Monthly Theme: Honoring Children and Youth
When we think about the children and youth in our lives, likely many of the conversations we have with them are focused on the future. “What do you want to be when you grow up?” “When you’re older you’ll be better at it.” “When you’re an adult you’ll understand.”
The pressure children and youth feel to hit certain developmental milestones, be mature, and grow up detracts from the most beautiful gift they have – their childhood. For this month’s Playful News, we invite you to slow down, savor this season of life, and treasure who your child is in this moment.
One way you can engage in the moment with your child is by asking a daily question!
You can record their responses on video or write them in a notebook to create a memento to look back on as a family over the years. Here are a few questions to ask children:
- What do you like most about yourself right now?
- Who are your best friends and why do you like each other?
- What do you know how to do that you could teach me?
Notice that these questions are open-ended and invite responses beyond “yes” or “no,” which provides space to better understand the mind and heart of your child. Take turns as a family responding to the questions; you could even explore an interview format with multiple questions. For more ideas, try this blog post on Mumlyfe.
When we cherish who our children and youth are in this moment, we begin to see our communities at large in a different light. We may even start to think, “What is our collective responsibility to the children and youth who live here, and how do we honor who they are right now?”
In a child- and youth-centered community, if you went into any business, you would see evidence that they are considering how children also come into their space and not just the grown-ups. You might see fewer ‘no skateboarding’ signs, and instead find safe areas to skate, scooter, or bike all over the city and not just confined to parks. Front desks and service counters would be at heights that are accessible to younger patrons. Materials that are intended for touching, playing with, and exploring would be more readily available. Children would know they can climb, run, and play on the things they find in their built environments. You would encounter playful elements in everyday places like bus stops and sidewalks. Spaces would feel safe for all children and youth, and they would feel welcome wherever they went.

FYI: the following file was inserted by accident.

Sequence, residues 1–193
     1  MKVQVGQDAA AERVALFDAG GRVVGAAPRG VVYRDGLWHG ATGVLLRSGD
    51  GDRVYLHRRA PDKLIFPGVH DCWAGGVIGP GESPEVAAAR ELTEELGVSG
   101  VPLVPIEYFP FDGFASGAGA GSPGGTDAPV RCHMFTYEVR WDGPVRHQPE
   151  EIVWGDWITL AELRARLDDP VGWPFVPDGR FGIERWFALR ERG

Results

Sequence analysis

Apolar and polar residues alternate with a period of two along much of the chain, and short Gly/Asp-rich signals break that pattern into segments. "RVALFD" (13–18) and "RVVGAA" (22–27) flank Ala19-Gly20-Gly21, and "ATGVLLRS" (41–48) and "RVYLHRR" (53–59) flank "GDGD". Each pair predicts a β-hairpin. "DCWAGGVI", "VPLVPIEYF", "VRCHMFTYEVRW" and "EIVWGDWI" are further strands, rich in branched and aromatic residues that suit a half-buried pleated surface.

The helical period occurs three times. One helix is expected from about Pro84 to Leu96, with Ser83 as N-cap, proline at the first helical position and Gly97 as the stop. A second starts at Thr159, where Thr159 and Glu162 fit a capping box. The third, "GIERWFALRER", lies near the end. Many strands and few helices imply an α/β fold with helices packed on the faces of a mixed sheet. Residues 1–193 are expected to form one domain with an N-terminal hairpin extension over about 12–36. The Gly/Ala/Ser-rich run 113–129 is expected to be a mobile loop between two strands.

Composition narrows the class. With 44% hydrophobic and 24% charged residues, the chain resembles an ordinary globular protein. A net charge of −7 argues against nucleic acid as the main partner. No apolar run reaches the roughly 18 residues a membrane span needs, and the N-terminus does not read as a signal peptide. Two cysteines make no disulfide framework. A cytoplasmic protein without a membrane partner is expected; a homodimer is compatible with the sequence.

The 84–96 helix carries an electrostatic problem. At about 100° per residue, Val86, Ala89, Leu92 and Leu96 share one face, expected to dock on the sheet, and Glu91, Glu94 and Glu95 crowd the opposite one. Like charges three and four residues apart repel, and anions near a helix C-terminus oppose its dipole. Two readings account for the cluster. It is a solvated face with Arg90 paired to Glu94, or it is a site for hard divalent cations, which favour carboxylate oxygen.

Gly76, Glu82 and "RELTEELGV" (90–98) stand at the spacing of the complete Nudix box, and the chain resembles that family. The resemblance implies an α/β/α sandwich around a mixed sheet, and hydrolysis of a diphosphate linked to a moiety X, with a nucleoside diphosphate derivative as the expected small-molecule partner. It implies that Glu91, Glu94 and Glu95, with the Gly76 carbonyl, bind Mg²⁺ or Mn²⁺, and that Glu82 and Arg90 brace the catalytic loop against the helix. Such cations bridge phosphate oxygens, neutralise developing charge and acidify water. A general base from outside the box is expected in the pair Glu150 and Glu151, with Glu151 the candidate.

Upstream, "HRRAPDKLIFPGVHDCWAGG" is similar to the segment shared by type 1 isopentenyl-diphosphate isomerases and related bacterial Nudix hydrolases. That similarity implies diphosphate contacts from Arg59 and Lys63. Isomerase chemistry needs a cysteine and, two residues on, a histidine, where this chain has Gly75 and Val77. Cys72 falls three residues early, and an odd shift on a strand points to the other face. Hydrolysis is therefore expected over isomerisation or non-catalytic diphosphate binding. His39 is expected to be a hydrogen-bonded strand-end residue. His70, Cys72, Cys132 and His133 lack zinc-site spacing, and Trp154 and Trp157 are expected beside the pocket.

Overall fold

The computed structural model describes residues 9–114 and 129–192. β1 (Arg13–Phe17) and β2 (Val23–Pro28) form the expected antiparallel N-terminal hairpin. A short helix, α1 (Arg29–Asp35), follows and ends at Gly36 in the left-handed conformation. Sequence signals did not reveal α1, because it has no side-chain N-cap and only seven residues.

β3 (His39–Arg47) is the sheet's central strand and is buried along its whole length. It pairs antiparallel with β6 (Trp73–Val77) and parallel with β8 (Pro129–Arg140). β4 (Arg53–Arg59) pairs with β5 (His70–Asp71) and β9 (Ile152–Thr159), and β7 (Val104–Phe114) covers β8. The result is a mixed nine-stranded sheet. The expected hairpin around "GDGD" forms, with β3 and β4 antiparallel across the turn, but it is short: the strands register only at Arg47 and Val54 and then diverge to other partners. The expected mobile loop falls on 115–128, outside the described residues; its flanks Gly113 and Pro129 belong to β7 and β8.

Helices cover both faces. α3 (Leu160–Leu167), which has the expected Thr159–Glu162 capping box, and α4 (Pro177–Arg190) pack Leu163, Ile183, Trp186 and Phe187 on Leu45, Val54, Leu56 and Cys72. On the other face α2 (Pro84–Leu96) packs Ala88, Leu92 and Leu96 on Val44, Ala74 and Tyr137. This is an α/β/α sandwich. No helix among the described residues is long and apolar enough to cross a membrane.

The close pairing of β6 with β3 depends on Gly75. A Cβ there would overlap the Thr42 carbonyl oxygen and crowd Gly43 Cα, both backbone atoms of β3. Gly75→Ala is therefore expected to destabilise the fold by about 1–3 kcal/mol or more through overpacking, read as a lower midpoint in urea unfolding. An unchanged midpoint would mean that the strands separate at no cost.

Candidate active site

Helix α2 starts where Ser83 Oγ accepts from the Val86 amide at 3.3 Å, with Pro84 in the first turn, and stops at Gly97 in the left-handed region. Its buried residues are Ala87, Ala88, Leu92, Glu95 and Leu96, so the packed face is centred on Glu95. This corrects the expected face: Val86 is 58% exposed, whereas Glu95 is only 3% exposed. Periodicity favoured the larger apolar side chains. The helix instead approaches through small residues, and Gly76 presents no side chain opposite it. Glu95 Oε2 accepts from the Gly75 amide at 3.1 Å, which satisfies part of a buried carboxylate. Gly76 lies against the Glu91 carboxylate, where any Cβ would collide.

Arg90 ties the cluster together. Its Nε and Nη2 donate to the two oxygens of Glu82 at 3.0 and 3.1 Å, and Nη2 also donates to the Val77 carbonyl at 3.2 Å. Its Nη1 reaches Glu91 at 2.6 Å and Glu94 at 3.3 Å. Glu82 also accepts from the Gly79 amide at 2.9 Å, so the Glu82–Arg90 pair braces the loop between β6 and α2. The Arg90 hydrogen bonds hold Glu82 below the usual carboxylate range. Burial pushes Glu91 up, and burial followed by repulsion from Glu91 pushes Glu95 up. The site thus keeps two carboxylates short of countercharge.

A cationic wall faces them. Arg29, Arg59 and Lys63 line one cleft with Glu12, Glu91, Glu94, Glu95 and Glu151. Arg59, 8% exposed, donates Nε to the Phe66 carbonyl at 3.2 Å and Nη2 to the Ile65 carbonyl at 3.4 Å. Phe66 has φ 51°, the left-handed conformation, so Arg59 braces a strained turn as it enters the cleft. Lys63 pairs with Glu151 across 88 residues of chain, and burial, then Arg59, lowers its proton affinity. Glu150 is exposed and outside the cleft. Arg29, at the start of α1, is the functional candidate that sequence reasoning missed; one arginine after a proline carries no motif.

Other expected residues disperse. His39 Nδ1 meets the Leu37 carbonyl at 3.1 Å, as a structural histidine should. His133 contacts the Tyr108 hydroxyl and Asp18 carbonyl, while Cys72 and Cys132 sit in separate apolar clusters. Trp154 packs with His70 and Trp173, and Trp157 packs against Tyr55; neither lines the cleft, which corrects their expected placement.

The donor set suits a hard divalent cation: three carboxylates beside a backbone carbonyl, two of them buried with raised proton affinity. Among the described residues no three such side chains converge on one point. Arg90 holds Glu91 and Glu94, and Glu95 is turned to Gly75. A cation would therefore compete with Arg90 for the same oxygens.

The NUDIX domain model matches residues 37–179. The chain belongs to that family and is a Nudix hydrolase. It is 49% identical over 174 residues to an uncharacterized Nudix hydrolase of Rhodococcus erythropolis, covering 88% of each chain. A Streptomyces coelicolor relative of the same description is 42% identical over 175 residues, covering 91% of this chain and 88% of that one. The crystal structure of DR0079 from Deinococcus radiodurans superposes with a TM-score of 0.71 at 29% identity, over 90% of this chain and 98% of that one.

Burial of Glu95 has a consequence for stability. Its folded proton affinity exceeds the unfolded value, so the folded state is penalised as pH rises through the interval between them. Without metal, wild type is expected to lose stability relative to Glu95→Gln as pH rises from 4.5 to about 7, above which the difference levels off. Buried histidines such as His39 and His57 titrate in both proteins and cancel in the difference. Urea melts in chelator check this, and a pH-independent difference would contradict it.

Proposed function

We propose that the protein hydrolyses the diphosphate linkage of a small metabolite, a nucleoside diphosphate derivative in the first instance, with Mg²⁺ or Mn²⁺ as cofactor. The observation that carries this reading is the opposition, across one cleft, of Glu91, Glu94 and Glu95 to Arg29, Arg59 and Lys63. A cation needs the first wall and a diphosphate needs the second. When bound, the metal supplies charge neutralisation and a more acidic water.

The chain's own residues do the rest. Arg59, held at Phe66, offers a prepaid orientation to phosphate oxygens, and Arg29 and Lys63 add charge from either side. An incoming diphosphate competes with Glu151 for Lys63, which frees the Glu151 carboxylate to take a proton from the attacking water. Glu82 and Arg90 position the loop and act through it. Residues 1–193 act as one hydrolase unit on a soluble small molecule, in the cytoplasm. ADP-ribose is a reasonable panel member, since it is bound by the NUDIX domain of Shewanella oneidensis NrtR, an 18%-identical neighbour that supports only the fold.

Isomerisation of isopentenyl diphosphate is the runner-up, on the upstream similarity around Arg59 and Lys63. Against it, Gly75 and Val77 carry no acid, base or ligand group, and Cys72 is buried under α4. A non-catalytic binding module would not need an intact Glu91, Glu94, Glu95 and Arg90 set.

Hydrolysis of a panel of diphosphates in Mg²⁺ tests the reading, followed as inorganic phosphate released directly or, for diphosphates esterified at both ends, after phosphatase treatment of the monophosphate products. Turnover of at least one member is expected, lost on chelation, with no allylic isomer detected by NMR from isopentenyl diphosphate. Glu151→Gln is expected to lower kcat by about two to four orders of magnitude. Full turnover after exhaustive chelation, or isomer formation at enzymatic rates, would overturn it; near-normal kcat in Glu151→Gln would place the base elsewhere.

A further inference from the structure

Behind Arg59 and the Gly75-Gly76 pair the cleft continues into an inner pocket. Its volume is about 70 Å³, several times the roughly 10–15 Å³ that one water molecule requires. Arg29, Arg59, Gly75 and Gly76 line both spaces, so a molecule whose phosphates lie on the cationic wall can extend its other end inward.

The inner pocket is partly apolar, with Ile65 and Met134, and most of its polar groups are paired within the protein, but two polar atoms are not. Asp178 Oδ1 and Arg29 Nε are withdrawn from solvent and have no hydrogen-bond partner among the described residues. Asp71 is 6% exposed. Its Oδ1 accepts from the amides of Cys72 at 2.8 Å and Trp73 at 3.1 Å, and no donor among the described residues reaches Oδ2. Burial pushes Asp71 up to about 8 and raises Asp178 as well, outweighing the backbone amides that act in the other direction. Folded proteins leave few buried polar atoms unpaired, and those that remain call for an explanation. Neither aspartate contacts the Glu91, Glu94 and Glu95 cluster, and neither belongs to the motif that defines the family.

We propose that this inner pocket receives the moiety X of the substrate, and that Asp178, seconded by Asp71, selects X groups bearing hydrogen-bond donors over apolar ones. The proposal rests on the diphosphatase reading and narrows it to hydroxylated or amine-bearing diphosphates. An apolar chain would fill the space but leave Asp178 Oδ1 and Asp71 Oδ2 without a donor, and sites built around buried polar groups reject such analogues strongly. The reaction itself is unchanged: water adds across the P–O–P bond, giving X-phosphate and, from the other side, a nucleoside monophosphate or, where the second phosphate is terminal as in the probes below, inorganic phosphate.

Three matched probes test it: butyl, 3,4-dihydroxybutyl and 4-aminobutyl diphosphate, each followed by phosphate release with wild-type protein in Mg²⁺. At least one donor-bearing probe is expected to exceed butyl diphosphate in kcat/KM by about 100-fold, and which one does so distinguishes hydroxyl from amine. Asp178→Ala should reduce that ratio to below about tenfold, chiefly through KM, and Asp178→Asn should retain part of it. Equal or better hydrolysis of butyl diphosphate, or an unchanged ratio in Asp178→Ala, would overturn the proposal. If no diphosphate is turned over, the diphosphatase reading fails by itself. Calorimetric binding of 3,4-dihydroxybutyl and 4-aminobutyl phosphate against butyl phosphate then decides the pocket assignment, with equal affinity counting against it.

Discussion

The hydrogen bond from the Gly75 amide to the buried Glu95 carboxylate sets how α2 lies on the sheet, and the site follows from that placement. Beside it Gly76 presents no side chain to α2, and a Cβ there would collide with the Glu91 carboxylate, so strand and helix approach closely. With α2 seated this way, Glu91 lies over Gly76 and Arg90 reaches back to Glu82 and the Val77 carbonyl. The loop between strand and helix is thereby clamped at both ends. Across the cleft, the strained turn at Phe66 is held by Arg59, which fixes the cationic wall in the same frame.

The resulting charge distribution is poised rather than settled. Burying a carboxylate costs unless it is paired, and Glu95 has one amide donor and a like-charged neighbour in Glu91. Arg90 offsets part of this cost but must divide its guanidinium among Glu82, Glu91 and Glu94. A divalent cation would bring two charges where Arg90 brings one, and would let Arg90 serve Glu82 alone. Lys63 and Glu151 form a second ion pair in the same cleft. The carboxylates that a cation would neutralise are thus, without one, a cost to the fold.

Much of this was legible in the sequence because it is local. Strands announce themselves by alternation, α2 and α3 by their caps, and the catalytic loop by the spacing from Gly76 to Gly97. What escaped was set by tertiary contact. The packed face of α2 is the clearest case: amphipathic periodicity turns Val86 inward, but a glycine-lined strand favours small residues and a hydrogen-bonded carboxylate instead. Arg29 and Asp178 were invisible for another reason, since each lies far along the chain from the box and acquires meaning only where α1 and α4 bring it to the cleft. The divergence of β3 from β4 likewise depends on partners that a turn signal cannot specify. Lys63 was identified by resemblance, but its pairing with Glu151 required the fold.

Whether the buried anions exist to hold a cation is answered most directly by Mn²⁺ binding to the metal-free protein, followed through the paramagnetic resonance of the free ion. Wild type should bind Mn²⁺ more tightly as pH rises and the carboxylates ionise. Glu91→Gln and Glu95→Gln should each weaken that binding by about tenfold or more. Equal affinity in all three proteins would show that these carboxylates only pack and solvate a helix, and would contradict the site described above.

If you’re interested in learning more about this idea, check out our blog on Child and Youth Centered Communities.
To better understand the perspectives of youth in the community, the University of Washington Tacoma started the Action Mapping Project to create Youth Maps. The map and indicators, produced using thousands of responses from middle- and high-school-aged youth, show where young people in Tacoma feel safe and where they prefer to spend their time during the day and at night. These maps are a visual reminder that the way we see our communities and the way children and youth see our communities looks different, and it’s important to know how and why.
Open Ended Play
Go on a Color Scavenger Hunt in your neighborhood!
All you’ll need for this activity is a paper bag, markers, crayons, or colored pencils in a variety of colors, an adventurous spirit, and an eye for detail. Choose the colors you’d like to search for on your scavenger hunt, and as you come across them on your neighborhood walk, add them to your bag!
By the end of this activity you’ll have a spectrum of colors filling your bag and a renewed sense of belonging in the neighborhood you call home.
If you have older children or youth, you can extend this activity so that everyone is engaged on your neighborhood walk! Invite older children to take photos to explore what’s important to them in their spaces. You can even post your photos and Use #MyPierceCounty #MyTacoma #Greentrike to share your adventures with us!